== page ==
The growing popular discontent over China’s “zero COVID” restrictions has now erupted into public protests in cities across the country. The unrest comes in response to a number of unrelated tragic incidents that have brought to the surface tensions surrounding lockdown-driven economic precarity among Chinese citizens.
Chinese President Xi Jinping’s effort to project an image of a politically monolithic society has been remarkably successful in shaping how Europeans have come to view China. But as protests against China’s “zero COVID” policy spread, it’s clear that EU policymakers have been operating under a false stereotype of the country.
Much of the world looked on with consternation as Xi Jinping began his third term as president of China and leader of the Chinese Communist Party in October. Xi’s ironclad grasp on power has crucial implications for how the CCP will respond to critical domestic challenges, which in turn will affect China’s foreign policy.
This fall, same-sex couples in Cuba won a significant victory, culminating an uphill struggle decades in the making: A referendum on a new Families Code expanded their legal recognition, granting them equal access to marriage, adoption and surrogacy. Despite the referendum victory, though, Cuban families still need more from the state.
After the financial and cultural success of the 1984 Los Angeles Olympics, more and more nations have vied for the chance to host the Olympics and the World Cup, leading to ambitious budgets and corruption in the selection process. Since the selection of Qatar to host the 2022 World Cup, though, FIFA and the IOC have course-corrected.
The initial inability of many in the West to fully grasp the scale of what is now unfolding in Iran is the product of three dynamics that reflect deeper problems with how the EU and U.S. engage with the wider world. To avoid repeating those mistakes, the West needs to mitigate such distortions of perceptions and policy.
Mental health issues were already a growing concern long before the pandemic. Now, they’ve been exacerbated, as global cases of depression and anxiety have become more and more prevalent in the last few years. Attention to mental health is growing, but awareness, funding and resources remain woefully inadequate.
A recent mass shooting at an LGBTQ nightclub in Colorado has elevated conversations about the risks and rights abuses experienced by queer people and those with nonconforming gender identities in U.S. society and worldwide. But it also underscores the connections between gender extremism and violence more broadly.
Philippine President Ferdinand Marcos Jr. met in Manila over the weekend with U.S. Vice President Kamala Harris, whose visit was meant to show Washington’s high-level support for its Southeast Asian ally. But if security issues were front and center during Harris’ visit, the question of human rights was also on the agenda.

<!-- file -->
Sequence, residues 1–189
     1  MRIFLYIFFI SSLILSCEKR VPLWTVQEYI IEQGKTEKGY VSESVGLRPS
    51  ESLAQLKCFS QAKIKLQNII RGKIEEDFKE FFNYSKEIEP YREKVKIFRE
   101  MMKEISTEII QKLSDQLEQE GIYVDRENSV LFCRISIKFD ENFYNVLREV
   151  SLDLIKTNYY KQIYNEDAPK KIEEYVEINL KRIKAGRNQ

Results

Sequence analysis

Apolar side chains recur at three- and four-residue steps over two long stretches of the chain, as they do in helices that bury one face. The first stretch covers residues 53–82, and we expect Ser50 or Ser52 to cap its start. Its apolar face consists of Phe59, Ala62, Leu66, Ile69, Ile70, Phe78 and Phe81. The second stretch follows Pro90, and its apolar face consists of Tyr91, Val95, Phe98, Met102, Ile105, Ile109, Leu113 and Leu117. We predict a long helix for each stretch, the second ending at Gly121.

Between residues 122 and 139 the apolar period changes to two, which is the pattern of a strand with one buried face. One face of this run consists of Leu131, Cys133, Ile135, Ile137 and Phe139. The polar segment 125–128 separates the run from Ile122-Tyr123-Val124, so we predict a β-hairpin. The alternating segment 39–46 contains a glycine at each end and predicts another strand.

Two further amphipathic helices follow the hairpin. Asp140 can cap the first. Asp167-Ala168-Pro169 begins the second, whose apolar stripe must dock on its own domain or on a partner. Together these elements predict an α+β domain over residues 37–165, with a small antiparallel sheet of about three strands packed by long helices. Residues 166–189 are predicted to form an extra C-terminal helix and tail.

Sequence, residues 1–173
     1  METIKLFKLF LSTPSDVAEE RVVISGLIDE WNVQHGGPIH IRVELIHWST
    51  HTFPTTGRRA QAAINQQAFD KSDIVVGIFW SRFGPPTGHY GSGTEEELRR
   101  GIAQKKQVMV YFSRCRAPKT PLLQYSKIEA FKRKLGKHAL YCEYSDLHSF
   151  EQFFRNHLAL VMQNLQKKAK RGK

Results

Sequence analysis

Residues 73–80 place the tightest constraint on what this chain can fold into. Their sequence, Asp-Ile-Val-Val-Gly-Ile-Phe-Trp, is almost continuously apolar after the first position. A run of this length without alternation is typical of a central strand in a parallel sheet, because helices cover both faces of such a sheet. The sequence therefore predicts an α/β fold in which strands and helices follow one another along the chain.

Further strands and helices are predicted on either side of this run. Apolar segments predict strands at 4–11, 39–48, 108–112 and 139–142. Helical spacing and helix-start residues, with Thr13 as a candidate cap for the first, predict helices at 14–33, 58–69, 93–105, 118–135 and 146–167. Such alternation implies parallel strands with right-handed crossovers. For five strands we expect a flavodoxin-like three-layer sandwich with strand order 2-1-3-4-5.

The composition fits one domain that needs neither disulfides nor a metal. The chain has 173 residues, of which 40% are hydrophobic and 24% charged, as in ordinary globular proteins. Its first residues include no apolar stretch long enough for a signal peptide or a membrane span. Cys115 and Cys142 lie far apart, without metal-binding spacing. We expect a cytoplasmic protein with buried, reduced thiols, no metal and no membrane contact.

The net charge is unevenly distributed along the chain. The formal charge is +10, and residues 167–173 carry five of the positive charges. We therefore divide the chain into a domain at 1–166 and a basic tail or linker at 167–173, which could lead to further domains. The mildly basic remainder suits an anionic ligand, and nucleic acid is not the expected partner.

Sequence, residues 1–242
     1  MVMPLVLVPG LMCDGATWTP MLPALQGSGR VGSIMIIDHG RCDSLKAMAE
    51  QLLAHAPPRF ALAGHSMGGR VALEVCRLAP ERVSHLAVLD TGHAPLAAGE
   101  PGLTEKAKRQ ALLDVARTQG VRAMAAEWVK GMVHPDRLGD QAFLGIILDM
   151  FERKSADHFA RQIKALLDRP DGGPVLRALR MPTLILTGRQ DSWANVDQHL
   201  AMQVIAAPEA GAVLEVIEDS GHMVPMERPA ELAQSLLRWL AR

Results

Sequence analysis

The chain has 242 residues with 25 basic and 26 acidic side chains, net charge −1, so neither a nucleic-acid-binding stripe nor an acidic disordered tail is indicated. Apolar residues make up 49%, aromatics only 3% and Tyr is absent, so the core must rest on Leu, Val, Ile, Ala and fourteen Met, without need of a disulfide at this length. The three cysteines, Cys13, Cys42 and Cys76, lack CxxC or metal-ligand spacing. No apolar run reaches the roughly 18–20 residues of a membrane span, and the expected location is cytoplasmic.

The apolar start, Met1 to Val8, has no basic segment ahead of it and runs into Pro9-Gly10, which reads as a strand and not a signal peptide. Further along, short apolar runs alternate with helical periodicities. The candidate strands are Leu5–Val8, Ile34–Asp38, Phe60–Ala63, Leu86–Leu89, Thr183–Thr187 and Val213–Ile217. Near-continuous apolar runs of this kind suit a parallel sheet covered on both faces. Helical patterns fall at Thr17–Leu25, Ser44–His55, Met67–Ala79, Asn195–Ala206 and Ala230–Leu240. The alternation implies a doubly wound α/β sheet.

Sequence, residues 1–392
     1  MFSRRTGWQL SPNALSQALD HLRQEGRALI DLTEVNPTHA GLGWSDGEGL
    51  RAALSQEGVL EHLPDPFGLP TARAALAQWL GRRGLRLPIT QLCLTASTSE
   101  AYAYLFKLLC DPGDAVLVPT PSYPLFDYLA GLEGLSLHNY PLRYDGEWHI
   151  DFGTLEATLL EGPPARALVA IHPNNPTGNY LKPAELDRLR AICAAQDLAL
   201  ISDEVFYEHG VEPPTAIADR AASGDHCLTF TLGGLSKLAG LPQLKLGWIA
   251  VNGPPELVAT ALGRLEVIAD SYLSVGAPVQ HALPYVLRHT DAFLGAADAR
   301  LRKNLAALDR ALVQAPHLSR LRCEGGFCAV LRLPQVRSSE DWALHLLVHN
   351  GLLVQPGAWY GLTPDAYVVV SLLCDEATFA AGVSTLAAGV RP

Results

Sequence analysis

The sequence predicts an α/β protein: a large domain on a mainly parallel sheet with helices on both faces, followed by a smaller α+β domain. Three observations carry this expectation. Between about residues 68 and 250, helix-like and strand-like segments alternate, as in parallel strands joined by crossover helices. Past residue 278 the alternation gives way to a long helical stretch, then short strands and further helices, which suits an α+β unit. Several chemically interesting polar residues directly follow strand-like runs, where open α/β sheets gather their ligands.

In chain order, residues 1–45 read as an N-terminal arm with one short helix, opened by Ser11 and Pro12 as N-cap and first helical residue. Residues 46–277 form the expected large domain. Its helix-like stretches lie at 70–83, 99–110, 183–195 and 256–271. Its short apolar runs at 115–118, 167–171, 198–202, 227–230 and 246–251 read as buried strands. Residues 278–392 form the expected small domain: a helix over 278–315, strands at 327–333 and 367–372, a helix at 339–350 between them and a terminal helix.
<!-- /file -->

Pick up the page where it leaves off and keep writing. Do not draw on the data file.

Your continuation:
Whether or not Donald Trump is on the way out as the leader of the Republican Party remains to be seen. But the policy views he espoused first as a candidate in 2016 and then as president from 2017 to 2021 are not. This will be especially evident when it comes to the cornerstone of “Trumpism”: opposition to immigration.
The U.N. COP27 Climate Change Summit has entered its final week, but the agenda for the remainder of the conference threatens to be overshadowed by concerns over Egypt’s poor human rights record, especially because of the restrictions Egyptian authorities have placed on the participation of civil society groups at the summit.
Saudi Arabia has ramped up its crackdown on dissent, as recent cases make clear that the country is willing to surveil its citizens abroad and severely punish them for exercising their right to free expression within the jurisdiction of democratic countries, a worrying trend that appears to only be getting worse.
Evangelical groups in the U.S. have played an increasingly powerful role in world affairs since the 1970s, shaping U.S. foreign relations as well as laws and culture in countries around the world, with specific focus on promoting social conservatism and religious liberty, supporting Israel, and providing humanitarian assistance.
Since the onset of the war in Ukraine, hundreds of thousands of Russian men have fled the country to avoid being pressed into military service. In response, several European nations have barred Russian asylum-seekers from entering the country. But arguments for barring Russian draft-dodgers don’t stand up to scrutiny.
In South America, Twitter has become an online extension of real-life political battlefields, and likely will remain so given economic forecasts for the coming year. That raises big questions over how Elon Musk’s ownership of the platform will affect how protests are organized, how governments respond and how disinformation spreads.
Efforts by the Biden administration to accelerate its quiet diplomacy with Venezuela have already produced some breakthroughs. But the greater challenge comes next, as Washington tries to leverage sanctions to incentivize Caracas to allow greater space for the opposition to compete in the 2024 presidential election.
One key priority for children’s advocacy groups is the prohibition of child labor. But as World Children’s Day approaches this year, it’s worth examining whether children need to be protected from work, or whether it would be better to set regulations that empower child workers, rather than prohibiting it altogether.